Accessibility links

African Banking: the Paper-Free Future of Checks

  • Joana Mantey

This is Part Three of a five-part series on Modernizing African Banking
Continue to Parts: 1 / 2 / 3 / 4 / 5



A new software package is promising to help West African banks process checks faster, more cheaply, and more securely.

The package works on the so-called “truncation model,” which is already being used to speed up secure banking elsewhere in the world.

Marius Krige, who has 20 years of experience in the IT and financial sectors, explained that check truncation “means paper at the point of entry,” or when the check first reaches a bank, it is scanned. The scanned image, he said, is kept on file, “so that chances for fraud and tampering of paper-based instruments can be nullified.”

Krige, the regional executive of Aperta Limited, a South African company focused on improving payment processing for the commercial, public, banking and financial sectors, says the truncation initiative will be especially helpful in improving cross-border transactions in West Africa.

Within ECOWAS, a West African regional trade grouping, member countries have a number of different currencies. The group says it aims to switch to a single currency, but it is unclear when – or if – that goal will be attained.

In the meantime, Krige said the multiple currencies poses challenges to the region’s payment system.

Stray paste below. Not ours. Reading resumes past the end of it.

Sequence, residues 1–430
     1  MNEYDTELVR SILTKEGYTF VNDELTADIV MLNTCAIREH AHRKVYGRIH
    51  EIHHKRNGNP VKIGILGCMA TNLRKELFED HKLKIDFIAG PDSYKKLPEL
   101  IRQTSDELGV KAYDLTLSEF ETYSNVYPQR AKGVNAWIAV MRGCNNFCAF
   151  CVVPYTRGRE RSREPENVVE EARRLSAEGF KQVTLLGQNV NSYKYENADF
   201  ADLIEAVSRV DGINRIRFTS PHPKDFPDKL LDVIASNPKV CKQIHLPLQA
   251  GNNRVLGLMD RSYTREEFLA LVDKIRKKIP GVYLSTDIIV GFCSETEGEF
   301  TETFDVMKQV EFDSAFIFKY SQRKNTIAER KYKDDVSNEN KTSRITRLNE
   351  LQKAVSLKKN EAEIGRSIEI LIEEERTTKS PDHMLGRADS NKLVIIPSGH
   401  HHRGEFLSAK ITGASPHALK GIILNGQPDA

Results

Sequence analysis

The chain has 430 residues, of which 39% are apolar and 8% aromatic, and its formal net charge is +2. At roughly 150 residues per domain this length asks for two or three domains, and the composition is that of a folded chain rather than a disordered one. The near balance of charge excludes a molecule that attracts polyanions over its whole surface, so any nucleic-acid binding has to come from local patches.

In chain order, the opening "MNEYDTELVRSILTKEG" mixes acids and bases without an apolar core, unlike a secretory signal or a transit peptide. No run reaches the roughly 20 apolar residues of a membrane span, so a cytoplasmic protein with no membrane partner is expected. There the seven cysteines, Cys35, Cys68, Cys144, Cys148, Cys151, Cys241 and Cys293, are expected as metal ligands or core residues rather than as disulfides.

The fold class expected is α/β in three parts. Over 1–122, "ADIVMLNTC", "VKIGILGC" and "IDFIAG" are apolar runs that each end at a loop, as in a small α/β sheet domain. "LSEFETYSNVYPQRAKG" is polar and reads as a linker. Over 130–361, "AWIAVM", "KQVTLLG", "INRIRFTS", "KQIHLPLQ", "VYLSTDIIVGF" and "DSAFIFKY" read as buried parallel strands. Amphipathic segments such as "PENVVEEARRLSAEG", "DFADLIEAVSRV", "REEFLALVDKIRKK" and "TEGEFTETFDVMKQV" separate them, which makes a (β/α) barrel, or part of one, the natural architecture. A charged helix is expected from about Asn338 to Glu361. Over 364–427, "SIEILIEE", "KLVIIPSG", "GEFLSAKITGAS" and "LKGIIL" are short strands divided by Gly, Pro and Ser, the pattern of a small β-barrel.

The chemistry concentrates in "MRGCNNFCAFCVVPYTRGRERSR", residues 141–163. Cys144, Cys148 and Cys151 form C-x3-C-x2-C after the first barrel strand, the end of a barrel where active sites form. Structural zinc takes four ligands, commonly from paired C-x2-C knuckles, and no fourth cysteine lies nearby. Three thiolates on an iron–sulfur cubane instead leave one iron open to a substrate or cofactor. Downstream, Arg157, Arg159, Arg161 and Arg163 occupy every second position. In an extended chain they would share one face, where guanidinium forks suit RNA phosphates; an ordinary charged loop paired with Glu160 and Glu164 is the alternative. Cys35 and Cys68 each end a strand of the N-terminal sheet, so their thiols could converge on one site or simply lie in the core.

“At the moment, a lot of payment is made in local currency,” he said.

That means that in order to be deposited in another country, the payment needs to be converted into another currency. But that process is expensive, Krige said, both because there are fees involved, and because the money loses value in the exchange.

In addition, under the old system, the physical piece of paper the check was written on had to be transported through a clearing house to a bank in another country.

But under the truncation model, payments made by a Ghanaian supplier, for example, can be sent to a bank and a clearing house in a single email – which saves both time and money. And instead of exchange rates being determined between individual banks, they can be determined at a specified time against a major currency.

The model is currently being used in South and East Africa. Krige says about 12 commercial banks in Ghana have also adopted the system.
XS
SM
MD
LG